Cats that are hospitalised for any period of time have cages that are large enough for them to pace around stretch their legs. The cat cages don't face each other so they can't wind each other up!

Big dogs have "walk in" kennels and we have secure cages where our longer term canine in-mates can safely get a breath of breath of fresh air!

How risky is the anaesthetic?

Everybody worries about anaesthetics, but the truth is that unexpected anaesthetic deaths are rare. Age is not the huge factor that many think it is: an otherwise “well” elderly pet is often a less risky anaesthetic than a “poorly” younger one. We use modern anaesthetic methods, we only employ experienced Registered Veterinary Nurses, and we stay with your animal from the moment of induction of anaesthesia to the time at which they are recovered and sitting up. We have comprehensive multi-parameter monitoring equipment in the prep-room and both theatres. With monitoring of expired CO2 levels, blood O2 levels, blood pressure, body temperature, ECG (heart electrical activity), heart/pulse rate etc etc, you can rest assured that we will watch your pet like hawks!

How do Tibial Plateau Levelling Osteotmy (TPLO) and Tibial Tuberosity Advancement (TTA) work?

TPLO was developed inthe 80's by Barney Slocum. Whether it is done by means of making a curved radial cut in the tibia or by removing a wedge of tibia, the goal is to reduce the natural slope of the top of the tibial (the tibial plateau that forms the lower side of the knee joint) to something close to perpendicular to the long axis of the tibia. In normal dogs the slope of the plateau is around 250. So the femur, the thigh bone that sits above the knee joint, "wants" to "ski" backwards down the sloping tibial plateau. The cruciate ligament, when intact, stops the femur from doing this. But if the ligament is broken ....   So by making the palteau "flat" we engineer a situation where the femur doesn't want  to try and ski off the tibia any more!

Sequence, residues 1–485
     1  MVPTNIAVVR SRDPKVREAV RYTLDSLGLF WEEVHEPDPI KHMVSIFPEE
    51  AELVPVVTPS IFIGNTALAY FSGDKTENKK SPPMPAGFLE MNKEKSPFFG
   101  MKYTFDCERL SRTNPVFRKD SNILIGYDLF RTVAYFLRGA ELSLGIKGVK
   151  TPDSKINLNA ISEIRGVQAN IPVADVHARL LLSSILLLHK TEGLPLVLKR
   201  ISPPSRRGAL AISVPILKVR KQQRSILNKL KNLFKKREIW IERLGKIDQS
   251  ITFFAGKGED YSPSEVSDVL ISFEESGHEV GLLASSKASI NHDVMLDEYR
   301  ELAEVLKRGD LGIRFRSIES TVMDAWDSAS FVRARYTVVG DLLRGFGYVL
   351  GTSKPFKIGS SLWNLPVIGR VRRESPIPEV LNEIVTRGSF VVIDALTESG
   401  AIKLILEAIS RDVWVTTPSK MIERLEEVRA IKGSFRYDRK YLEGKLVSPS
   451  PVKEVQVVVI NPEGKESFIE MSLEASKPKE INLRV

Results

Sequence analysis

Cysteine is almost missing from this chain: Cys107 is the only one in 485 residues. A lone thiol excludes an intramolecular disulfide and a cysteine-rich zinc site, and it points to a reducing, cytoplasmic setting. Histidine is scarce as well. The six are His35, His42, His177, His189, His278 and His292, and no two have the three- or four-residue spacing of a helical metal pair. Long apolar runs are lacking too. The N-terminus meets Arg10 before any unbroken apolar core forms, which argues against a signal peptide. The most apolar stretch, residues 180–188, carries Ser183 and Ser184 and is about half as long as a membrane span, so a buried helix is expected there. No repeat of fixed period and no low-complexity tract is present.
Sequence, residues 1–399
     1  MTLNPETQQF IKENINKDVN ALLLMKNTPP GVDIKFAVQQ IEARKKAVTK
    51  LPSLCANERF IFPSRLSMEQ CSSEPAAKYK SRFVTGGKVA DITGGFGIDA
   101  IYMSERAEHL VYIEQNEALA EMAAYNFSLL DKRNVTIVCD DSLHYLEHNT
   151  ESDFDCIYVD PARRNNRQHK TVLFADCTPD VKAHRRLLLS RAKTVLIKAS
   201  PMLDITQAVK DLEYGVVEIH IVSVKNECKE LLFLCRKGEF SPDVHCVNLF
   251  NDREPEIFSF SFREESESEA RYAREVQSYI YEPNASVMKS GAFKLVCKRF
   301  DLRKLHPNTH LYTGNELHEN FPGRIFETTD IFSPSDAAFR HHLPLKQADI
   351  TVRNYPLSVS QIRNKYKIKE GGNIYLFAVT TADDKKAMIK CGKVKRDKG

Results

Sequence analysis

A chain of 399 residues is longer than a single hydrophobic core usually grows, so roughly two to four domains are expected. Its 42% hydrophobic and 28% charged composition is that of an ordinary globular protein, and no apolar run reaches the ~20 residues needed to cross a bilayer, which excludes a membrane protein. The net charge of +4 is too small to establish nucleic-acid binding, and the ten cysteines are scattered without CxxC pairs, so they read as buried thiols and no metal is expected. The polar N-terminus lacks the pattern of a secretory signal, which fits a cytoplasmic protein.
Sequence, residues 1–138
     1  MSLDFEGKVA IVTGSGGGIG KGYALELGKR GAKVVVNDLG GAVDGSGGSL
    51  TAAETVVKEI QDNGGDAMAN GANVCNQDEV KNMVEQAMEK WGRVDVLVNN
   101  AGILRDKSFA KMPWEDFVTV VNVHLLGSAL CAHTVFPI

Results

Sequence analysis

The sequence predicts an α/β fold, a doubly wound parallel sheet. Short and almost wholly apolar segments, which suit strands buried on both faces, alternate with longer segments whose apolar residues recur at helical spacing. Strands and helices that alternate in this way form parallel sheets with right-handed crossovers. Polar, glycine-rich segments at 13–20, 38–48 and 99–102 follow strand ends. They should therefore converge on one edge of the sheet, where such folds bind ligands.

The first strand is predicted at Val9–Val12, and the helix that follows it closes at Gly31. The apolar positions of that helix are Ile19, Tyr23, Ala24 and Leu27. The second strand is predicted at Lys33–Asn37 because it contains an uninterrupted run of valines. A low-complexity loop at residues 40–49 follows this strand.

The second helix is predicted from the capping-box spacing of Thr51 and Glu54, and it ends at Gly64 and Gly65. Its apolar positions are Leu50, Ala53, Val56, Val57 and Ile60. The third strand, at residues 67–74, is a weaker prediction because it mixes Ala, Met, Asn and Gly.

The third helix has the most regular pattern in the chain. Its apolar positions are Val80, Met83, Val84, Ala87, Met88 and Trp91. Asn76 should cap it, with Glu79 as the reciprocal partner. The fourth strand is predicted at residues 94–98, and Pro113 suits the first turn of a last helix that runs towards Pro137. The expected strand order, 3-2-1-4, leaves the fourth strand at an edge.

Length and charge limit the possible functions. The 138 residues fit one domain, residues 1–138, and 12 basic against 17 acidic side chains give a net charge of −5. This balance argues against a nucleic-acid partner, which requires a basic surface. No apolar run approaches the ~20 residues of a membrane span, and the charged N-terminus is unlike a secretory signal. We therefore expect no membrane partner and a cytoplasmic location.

TTA was devised in Switzerland aroudn 2004. The idea is that the tendon that links the knee cap (patella) to the shin bone (tibia) is made perpendicular to the top of the tibia (the tibial plateau) when the patient is weight bearing. This helps stop the tibia from shearing forwards with respect to the thigh bone (femur) when muscles tense during weight bearing. The change in the angle to a perpendicular one is achieved with a bone cut in the tibia, the insertion of a spacer (titanium cage) into the gap, and stabilisation during bone healing using a variety of metalwork.

Healing or TPLO and TTA typically takes around 8 weeks to have any significant strength. 

How likely is infection in the wound?

Not likely at all. We are scrupulous in our standards of disinfection and hygiene, and in preparing wounds for surgery. We strive for zero-infection rate, but the sad reality of surgery is that this elusive goal is never quite reached. Infection risk in otherwise routine surgery is often quoted at around 1‰.

Why does the clip need to be so big?

We need to prepare wounds thoroughly for surgery to minimise the risk of infection. This requires that the hair is clipped back to the skin. We need to ensure that there is a wide margin of prepared skin around the planned wound. It will grow back!!

Do blood tests make anaesthetics safer?

Probably not, in the immediate sense of “anaesthetic safety”. Pre-operative blood tests can identify pre-existing liver and kidney disease and so these tests do reduce the likelihood that a patient with pre-existing liver or kidney problems will undergo an anaesthetic without the owner having been counselled as to the risks. If the liver is diseased, then your pet may have more trouble clearing anaesthetic drugs from its body. If the function of the kidneys is already reduced, then the kidney problems might be further exacerbated by anaesthetic drugs that reduce blood pressure and reduce blood flow to the kidneys. We do pre-anaesthetic blood tests as routine and the information gained is often used to tailor the pre-med and anaesthetic regime and fluids to the particular patient. 

What Internal Medicine referral services are available at West Midlands Veterinary Referrals?

Orthopaedics, Soft Tissue, and Spinal Surgery form the core referral services provided at West Midlands Veterinary Referrals. In additional, our expert team of Advanced Practitioners also provide referral services for patients requiring an Internal Medicine referral. Our Internal Medicine service is provided by Mayra, a highly experience ultrasonographer. Our Internal Medical offering provides a referral service for chronic patients where an intensive therapy unit is not required.